My cycling generally follows a predictable pattern. It is seasonal. I cycle towards depression during fall and winter. I cycle towards hypomania/mania during spring and summer. This is not an absolute. There have been entire years where I was predominantly depressed, and others where I was predominantly hypomanic. I also experience mixed states regularly. But on the whole my cycling is associated with the seasons.
I’ve been trending up significantly the last couple of weeks. This is pretty early for me. Normally it would start closer to March or April. But I track sleep and mood daily and it is unquestionably the case that I’m heading up. I’m sleeping considerably less than usual, and my agitation is off the charts. I’m also experiencing racing thoughts and am having difficulty concentrating; my attention span is becoming minuscule.
Another indicator of mood is how I respond to my meds. I take different meds in the morning and evening. In the morning I take meds that do not make me drowsy. My evening meds generally do. Taking these meds at different times accomplishes two things. First, it allows me to be more alert during the day, especially in the morning, which is when I get most of my work done. Second, it helps me regulate sleep. I take my evening meds about an hour prior to my bedtime. In that hour or so the drowsiness kicks in and I am generally able to fall asleep quickly once I lay down to do so.
When I trend upward my evening meds do not cause this drowsiness. In fact, I really don’t notice any effects at all. This is not to say that the meds aren’t “working”. Drowsiness is a convenient side effect. The meds themselves are not prescribed to make me sleep. That is not their primary function. That is just a rather convenient secondary function.
Laying in bed awake for long periods of time makes it more difficult to fall asleep. I know, that’s obvious. Being awake is the opposite of sleeping, duh. What I mean is that continuing to lay in bed, trying to go to sleep, makes going to sleep even more difficult. The harder you try to sleep the less likely you are to fall asleep. The recommendation, then, for going to sleep is to stop trying after about 15 minutes and get up and do something else, and then lay back down and try again. My “something else” is usually reading.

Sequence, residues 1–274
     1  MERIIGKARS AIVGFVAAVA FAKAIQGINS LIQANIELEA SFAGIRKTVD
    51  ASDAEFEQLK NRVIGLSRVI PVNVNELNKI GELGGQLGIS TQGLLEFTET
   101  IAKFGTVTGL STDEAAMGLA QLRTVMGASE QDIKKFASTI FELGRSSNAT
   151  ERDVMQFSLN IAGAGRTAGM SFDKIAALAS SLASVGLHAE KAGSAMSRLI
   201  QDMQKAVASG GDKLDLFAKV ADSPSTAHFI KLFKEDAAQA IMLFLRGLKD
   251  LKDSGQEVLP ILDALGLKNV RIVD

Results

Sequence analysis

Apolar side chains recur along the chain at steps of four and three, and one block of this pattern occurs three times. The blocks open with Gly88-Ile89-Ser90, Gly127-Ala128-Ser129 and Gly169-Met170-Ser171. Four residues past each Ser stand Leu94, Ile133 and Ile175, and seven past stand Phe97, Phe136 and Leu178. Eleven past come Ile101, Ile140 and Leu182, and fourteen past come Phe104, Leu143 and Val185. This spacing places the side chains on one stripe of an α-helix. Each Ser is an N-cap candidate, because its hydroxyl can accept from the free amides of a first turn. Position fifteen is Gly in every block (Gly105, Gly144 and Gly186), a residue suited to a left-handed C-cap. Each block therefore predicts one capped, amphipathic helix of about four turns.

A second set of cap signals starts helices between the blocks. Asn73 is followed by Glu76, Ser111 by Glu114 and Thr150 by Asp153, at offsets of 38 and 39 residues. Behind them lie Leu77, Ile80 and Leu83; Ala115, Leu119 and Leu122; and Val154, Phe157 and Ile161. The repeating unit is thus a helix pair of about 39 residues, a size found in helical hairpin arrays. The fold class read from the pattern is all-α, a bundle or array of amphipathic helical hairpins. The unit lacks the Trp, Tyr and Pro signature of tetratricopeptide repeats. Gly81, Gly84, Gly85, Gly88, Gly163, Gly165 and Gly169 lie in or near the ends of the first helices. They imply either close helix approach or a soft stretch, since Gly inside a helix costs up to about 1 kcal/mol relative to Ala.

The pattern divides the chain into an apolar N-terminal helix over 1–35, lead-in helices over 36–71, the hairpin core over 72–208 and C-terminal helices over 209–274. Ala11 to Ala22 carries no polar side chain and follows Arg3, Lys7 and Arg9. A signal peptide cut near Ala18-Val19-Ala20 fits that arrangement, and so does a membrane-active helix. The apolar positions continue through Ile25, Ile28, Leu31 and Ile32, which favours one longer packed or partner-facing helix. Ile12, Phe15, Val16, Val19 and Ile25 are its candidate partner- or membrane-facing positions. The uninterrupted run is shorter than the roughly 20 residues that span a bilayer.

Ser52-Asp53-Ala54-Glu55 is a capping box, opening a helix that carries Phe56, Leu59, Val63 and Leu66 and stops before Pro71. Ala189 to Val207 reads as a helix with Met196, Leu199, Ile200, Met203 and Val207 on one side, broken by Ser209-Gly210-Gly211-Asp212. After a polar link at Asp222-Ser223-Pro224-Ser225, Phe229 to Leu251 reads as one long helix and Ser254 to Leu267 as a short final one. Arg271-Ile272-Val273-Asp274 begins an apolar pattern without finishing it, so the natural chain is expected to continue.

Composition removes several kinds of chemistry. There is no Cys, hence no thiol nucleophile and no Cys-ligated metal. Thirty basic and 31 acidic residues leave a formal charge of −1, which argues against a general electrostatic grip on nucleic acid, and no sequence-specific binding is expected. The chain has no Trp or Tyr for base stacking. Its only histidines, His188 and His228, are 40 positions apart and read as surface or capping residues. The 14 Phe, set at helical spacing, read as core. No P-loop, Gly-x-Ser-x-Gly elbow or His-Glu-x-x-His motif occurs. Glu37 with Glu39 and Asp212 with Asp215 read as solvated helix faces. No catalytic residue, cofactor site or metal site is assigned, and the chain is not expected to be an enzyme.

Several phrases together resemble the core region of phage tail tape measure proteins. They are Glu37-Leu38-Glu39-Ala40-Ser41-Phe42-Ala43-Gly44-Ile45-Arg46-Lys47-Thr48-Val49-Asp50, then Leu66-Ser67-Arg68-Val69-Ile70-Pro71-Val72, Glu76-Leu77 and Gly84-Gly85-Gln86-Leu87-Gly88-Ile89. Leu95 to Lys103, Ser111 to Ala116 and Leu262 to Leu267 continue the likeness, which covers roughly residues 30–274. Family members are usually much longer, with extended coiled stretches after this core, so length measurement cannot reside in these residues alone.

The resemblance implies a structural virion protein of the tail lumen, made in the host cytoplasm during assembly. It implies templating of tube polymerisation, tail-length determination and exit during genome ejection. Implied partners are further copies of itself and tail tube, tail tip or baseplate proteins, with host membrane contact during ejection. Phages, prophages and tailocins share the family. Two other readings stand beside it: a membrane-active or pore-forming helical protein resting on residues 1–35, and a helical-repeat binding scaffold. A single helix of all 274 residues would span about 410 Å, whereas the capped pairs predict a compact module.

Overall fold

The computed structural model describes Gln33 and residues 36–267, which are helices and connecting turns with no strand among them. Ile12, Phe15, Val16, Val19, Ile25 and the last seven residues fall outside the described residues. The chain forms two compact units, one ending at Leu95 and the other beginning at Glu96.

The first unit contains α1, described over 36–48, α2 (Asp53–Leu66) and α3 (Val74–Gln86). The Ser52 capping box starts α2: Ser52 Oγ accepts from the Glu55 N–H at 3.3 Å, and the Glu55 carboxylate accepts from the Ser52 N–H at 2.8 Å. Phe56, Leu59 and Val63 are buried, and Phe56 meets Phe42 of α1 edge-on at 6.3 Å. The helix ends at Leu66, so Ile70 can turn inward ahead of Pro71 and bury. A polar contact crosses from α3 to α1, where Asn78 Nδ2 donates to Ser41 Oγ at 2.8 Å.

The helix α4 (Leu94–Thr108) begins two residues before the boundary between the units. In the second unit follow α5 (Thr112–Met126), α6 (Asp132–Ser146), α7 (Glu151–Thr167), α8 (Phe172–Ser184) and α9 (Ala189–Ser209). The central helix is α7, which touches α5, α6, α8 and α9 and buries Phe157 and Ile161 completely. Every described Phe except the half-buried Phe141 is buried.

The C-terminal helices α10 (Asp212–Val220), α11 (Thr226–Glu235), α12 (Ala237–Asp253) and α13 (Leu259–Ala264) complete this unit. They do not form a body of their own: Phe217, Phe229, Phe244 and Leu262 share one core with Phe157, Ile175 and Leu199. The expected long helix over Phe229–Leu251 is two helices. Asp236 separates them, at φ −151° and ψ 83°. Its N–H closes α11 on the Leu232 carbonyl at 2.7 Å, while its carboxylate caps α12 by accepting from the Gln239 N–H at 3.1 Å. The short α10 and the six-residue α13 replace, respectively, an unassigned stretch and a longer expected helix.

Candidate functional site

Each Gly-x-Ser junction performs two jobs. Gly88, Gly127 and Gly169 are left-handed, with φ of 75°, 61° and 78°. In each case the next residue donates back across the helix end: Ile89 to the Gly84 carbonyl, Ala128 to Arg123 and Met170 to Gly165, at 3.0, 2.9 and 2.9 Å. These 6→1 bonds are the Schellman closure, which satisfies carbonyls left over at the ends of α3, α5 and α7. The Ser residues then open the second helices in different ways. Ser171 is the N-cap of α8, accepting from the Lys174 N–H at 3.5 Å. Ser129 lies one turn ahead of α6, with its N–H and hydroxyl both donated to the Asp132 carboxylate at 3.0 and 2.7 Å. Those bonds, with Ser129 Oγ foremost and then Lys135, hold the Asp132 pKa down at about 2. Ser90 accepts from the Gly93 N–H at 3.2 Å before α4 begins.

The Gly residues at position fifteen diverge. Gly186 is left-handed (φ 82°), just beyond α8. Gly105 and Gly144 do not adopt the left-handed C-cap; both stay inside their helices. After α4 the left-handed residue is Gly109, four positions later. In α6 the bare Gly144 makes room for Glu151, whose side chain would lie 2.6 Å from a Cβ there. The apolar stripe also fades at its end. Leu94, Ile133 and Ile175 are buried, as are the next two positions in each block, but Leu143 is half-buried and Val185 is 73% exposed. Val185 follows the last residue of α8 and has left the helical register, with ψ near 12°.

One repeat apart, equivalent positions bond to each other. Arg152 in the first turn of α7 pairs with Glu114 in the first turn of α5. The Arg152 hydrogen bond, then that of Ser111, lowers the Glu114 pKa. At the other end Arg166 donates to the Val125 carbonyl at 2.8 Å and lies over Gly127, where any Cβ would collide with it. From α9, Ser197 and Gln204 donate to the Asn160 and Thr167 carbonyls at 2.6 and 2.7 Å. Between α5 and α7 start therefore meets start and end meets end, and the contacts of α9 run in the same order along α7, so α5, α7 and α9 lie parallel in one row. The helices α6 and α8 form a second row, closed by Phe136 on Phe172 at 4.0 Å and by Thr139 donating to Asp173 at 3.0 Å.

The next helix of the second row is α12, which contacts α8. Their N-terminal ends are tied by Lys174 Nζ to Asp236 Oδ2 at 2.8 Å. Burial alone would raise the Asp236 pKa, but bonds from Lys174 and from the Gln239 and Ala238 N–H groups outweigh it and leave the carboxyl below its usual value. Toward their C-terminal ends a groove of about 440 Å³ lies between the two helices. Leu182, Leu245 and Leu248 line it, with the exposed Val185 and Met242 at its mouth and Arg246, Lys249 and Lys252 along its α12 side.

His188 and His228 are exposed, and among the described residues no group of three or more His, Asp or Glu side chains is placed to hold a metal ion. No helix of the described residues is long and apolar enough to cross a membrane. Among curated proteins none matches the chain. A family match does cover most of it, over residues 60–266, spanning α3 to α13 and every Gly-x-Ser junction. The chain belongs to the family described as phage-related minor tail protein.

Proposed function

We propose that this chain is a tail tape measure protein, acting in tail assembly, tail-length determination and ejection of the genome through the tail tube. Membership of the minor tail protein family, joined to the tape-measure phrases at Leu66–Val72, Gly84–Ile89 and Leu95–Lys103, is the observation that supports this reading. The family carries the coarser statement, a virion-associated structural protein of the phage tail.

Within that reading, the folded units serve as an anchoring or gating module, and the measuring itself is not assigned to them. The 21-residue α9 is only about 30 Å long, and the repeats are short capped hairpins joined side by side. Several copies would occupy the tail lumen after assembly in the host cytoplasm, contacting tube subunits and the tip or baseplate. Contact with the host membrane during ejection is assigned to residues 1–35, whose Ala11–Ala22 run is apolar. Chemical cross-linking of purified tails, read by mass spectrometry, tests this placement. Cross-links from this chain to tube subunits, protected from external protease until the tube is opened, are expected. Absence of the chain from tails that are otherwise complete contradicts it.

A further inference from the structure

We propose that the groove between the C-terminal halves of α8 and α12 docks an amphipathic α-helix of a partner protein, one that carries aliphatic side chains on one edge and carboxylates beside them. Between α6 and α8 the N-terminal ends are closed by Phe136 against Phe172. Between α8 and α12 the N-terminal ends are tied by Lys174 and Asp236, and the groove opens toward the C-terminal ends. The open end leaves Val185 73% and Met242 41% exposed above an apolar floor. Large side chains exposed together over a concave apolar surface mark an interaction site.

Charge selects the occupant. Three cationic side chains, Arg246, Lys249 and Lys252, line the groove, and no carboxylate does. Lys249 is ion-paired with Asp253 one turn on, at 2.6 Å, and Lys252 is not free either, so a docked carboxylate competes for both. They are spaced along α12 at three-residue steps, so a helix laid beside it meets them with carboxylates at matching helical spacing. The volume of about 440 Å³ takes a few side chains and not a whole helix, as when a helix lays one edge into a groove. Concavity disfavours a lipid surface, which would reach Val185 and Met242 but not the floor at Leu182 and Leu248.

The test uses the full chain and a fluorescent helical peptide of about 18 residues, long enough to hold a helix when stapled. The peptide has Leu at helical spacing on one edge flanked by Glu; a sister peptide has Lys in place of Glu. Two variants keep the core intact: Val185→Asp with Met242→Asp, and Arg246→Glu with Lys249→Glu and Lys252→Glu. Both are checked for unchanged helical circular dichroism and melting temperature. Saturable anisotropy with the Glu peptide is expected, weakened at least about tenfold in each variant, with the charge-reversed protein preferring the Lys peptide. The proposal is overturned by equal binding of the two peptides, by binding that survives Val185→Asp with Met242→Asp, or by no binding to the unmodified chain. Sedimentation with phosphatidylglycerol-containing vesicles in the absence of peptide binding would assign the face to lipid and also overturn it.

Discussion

I have mentioned my love for all things Douglas Adams before. Reading more long-form books doesn’t help me go to sleep, as I often get caught up in the content of the book and continue reading instead of laying back down to sleep. So right now I’m reading The Salmon of Doubt, Douglas Adams’ last, unfinished book, that was “completed” after his death. He had not, at the time of his death, written enough for it to ever become a finished novel, so what was written for the novel itself has been supplemented with other, shorter writings of his, often one or two page essays.
One such essay is titled “My Nose”. I read it last night and it really resonated me, about how my bipolar brain is functioning right now. Here is an excerpt from that essay. It begins with him explaining how his gigantic nose is more decorative than functional, blaming the fact that it doesn’t actually draw in air on his growing up in his grandmother’s house, where she regularly cared for sick and injured animals.
Because the air was thick with animal hair and dust, my nose was continually inflamed and runny, and every fifteen seconds I would sneeze. Any thought that I could not explore, develop, and bring to some logical conclusion within fifteen seconds would therefore be forcibly expelled from my head, along with a great deal of mucus.
That’s how I feel right now, minus the mucus bit. That’s how bipolar racing thoughts work. You’re all over the place, but never really anywhere for any length of time. It’s frustrating. Attempts to concentrate are psychologically exhausting. Unfortunately they are not physically exhausting, nor do they exhaust themselves, so they just keep on coming and serve as an alternative to sleep and coherence. They keep you up at night. They impede work during the day. They cause anxiety. They increase stress and irritability. They just fly all around being distracting, elusive, and completely useless.
I don’t have a conclusion to this post. It’s taken a disproportionately long time for me to write it, and I have wrestled with cogent thought the entire time.
Ironically the faster the bipolar brain works the longer it takes to get anything done.